‘The White Princess’ is if nothing but utterly dramatic, and that’s proven again in third episode as our hero Lizzie gives birth with no help from a doctor. Seriously! Is little Arthur enough to pull the kingdom together, or is the newly-crowned Lizzie going to come up with another plan?
For anyone who misses Game of Thrones, The White Princess is jumping on that “horrendous but endlessly fascinating period drama” train right out of the gate. Episode three opens with Lizzie (Jodie Comer) in the full throws of labor, which, you guessed it, is far worse in the 1500s than it is now. Watching a woman give birth in the late middle ages is nauseating, and there’s an added layer of horror knowing that Lizzie’s the best possible conditions to give birth than any other person in England.
She’s the soon-to-be queen, giving birth to the royal heir! The term “royal treatment” exists for a reason, and the shabby, unregulated and unsterile environment in which Lizzie is forced to have her baby is awful. But nevertheless, she persisted. Lizzie, with the assistance of Lady Margaret (Michelle Fairley), Cecily (Suki Waterhouse), Maggie (Rebecca Benson) and a duo of midwives — and piercing screams and struggles — she brings Arthur into the world. The royal son is here!
You’d think that having Margaret in the room would make everything worse, but she’s exceedingly gentle and kind to Lizzie. When Lizzie’s having trouble pushing, she tells her that she knows all too well what this was like, especially giving birth to the future king. Um, okay lady. Your son wasn’t king until he killed the other one. Nice try. Lizzie takes what she can get, though. She’s instantly in love with her child, whom she names Arthur.
Elizabeth Woodsville (Essie Davis) arrives to see her daughter/make everything worse. She has a catty conversation with Margaret, ending with telling her that there’s finally a child to unite the Tudors and the Yorks. That’s nice and everything, but she should know by now that this baby is 100% Tudor –and so is Lizzie. Stop trying to make the Yorks happen!
King Henry (Jacob Collins-Levy) is ecstatic, and rushes to Lizzie’s side as soon as he hears the news. He’s so in love with little Arthur…and maybe with Lizzie, too? He tells her she’s “radiant” and starts making giddy plans for their life together as king and queen. He even draws up Arthur’s own crest: a red rose surrounding a white rose. It’s sweet, and shows that he’s truly trying to make a united England, with Lizzie at the helm.
The prospect of Lizzie and Henry actually falling in love, instead of just being married by arrangement is teased further in this episode. Lizzie is coronated as queen after Arthur’s birth, and while neither are too happy about it, Henry’s starting to treat her like a real partner. When Elizabeth is sent to the dungeons for putting out a hit on Henry in York territory (she wasn’t very subtle about it), Lizzie begs him for leniency, to send her mother and little sisters to live at an abbey instead. He’s cool with it! Of course, this hasn’t stopped Elizabeth from sending secret notes to Burgundy when the friars aren’t watching. She’s in serious danger of getting sentenced to death for treason at this point.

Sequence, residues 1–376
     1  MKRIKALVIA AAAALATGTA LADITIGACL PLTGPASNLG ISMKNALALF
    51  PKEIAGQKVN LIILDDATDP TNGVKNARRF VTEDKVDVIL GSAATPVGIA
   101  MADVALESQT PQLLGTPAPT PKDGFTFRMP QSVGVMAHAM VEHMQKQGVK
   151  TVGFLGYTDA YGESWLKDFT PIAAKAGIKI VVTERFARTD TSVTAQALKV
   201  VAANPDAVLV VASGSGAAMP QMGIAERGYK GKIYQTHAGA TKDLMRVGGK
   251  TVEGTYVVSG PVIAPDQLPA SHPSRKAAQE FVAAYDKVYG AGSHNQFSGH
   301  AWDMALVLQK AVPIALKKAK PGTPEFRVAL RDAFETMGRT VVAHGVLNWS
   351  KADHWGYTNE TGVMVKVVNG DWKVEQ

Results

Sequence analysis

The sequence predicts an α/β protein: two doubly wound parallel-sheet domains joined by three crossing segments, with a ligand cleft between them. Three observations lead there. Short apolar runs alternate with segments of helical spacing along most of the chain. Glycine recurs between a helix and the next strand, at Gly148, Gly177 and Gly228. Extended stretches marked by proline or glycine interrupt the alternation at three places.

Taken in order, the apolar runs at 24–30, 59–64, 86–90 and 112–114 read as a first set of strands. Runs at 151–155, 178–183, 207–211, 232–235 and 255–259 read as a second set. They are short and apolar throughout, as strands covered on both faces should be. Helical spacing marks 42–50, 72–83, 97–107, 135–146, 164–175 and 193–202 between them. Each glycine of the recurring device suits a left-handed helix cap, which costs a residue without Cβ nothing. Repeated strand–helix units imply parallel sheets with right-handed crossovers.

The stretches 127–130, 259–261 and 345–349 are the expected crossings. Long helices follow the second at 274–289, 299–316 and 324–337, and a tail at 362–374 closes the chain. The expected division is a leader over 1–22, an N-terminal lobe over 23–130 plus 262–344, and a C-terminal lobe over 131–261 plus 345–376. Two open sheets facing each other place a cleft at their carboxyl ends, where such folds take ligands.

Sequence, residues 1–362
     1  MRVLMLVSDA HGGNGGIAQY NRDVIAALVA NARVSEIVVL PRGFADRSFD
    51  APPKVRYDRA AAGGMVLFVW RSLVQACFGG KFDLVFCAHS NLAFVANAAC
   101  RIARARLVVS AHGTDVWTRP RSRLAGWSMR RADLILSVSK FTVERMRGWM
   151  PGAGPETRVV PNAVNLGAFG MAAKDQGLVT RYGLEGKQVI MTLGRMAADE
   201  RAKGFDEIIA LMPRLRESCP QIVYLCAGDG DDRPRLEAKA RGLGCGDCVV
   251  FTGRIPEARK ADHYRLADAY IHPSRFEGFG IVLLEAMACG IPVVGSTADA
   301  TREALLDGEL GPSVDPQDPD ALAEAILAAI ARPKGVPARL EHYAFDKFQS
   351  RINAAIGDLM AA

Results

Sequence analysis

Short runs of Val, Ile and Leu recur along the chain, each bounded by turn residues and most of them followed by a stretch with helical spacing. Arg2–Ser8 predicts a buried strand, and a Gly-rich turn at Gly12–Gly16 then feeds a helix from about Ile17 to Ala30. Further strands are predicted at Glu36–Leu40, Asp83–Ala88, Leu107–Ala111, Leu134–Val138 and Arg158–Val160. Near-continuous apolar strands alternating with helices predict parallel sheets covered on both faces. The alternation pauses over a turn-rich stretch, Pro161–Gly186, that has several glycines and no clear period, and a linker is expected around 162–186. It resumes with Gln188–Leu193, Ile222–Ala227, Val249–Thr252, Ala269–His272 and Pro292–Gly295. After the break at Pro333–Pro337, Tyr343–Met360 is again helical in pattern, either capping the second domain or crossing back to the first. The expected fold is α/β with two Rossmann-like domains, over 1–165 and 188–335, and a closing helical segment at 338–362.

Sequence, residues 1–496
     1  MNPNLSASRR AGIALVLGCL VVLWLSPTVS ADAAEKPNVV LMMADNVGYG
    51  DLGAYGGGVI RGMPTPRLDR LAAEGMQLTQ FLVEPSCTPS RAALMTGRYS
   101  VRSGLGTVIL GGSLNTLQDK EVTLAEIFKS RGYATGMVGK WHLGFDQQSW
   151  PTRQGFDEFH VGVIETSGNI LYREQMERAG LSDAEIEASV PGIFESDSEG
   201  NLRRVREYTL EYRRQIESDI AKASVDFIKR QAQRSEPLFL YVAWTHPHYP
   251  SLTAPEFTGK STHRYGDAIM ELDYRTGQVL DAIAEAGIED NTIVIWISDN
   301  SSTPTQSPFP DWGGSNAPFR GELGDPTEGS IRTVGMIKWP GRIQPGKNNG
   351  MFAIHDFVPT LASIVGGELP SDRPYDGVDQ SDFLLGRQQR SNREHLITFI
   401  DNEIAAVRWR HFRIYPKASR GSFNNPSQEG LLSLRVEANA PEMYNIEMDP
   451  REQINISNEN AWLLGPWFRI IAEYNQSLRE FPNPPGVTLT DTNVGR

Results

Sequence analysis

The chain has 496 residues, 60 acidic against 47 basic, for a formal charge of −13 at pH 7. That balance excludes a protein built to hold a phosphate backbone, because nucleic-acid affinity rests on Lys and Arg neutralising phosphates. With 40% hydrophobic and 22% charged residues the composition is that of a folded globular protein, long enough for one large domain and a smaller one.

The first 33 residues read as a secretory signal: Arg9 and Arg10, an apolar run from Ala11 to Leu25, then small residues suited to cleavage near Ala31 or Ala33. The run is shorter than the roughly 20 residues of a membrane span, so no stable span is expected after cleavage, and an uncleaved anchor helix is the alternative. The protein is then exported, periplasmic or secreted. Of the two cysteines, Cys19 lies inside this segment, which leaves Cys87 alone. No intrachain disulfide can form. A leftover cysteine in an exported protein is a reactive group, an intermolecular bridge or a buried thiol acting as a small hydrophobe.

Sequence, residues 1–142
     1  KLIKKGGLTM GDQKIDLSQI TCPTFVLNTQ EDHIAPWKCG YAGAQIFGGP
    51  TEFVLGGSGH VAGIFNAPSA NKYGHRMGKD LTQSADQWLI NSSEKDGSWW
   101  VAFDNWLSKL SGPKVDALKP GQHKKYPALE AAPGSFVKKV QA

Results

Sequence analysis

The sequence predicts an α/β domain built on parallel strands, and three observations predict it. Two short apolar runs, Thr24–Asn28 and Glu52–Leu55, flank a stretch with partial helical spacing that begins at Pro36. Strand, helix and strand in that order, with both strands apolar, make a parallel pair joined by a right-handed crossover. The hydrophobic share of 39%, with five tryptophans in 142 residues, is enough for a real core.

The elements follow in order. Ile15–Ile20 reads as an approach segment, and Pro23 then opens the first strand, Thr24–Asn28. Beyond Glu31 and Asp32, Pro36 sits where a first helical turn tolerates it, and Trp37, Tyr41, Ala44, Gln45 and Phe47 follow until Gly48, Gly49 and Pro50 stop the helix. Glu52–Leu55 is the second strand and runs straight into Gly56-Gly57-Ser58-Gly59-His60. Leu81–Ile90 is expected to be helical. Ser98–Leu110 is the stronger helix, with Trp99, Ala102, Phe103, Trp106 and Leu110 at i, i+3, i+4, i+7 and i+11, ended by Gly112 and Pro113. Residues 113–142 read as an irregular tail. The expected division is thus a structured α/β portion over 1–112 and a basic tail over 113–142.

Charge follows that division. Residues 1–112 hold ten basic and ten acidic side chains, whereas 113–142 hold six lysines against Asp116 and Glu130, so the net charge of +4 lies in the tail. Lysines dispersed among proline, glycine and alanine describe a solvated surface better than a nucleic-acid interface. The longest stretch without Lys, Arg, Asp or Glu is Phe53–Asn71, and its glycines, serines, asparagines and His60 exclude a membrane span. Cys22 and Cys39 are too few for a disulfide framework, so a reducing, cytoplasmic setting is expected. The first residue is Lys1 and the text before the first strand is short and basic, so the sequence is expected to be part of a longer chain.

Henry and Lizzie realize they have more in common than they thought while having a serious conversation about their relationship. Just like Lizzie didn’t want to be queen, or used as a bargaining chip between two warring kingdoms, Henry never wanted to be king. It was his destiny, as his mother told Lizzie while she was giving birth, and he was forced to do anything asked of him — even kill Lizzie’s family. They realize they’re both pawns of England, just in power to stroke their parents’ egos.
It’s this conversation that has Lizzie softening. Despite the horrible things that have happened since coming to London, and everything the Tudors have done to the Yorks, she feels for Henry. The episode end with Lizzie walking from her quarters to Henry’s room in the middle of the night to fall asleep in his arms. Neither of them are quite sure how they feel, or what’s going on, but they sleep peacefully together. Is this truly Lizzie loving Henry, or is this another form of manipulation?
The doubt is there because Teddy (Albert de Jongh) is still locked in the tower where her brother died. She’s tried in vain to get Henry to let him out, but his hands are tied at this point. He knows that the Yorks (especially Elizabeth) are trying to kill him, and if they get their hands on Teddy they can try to usurp his throne. Knowing Lizzie, it’s only a matter of time before she can think up a plot to get him freed.
Meanwhile, in Burgundy! Jasper (Vincent Regan) has come to pay the Duchess Margaret (Joanne Whalley) a visit to beg her to take the side of the Tudors in their power struggle. Funnily enough, his visit coincides with the arrival of a letter from Elizabeth, asking her to take the Yorks side. The glimpse into the Burgundy court just how different life in France is from England at that time. Basically, it’s great. Everyone is happy, women are treated extremely well, and life is a beautiful garden party.
Jasper almost gets the Duchess to take his side, but at the very last moment, her daughter Mary (Emmanuelle Bouaziz) dies after falling off a horse, while racing one of Jasper’s men. Bye! No alliance! The war rages on…at least until next week.
HollywoodLifers, do you think Lizzie is really falling in love with Henry?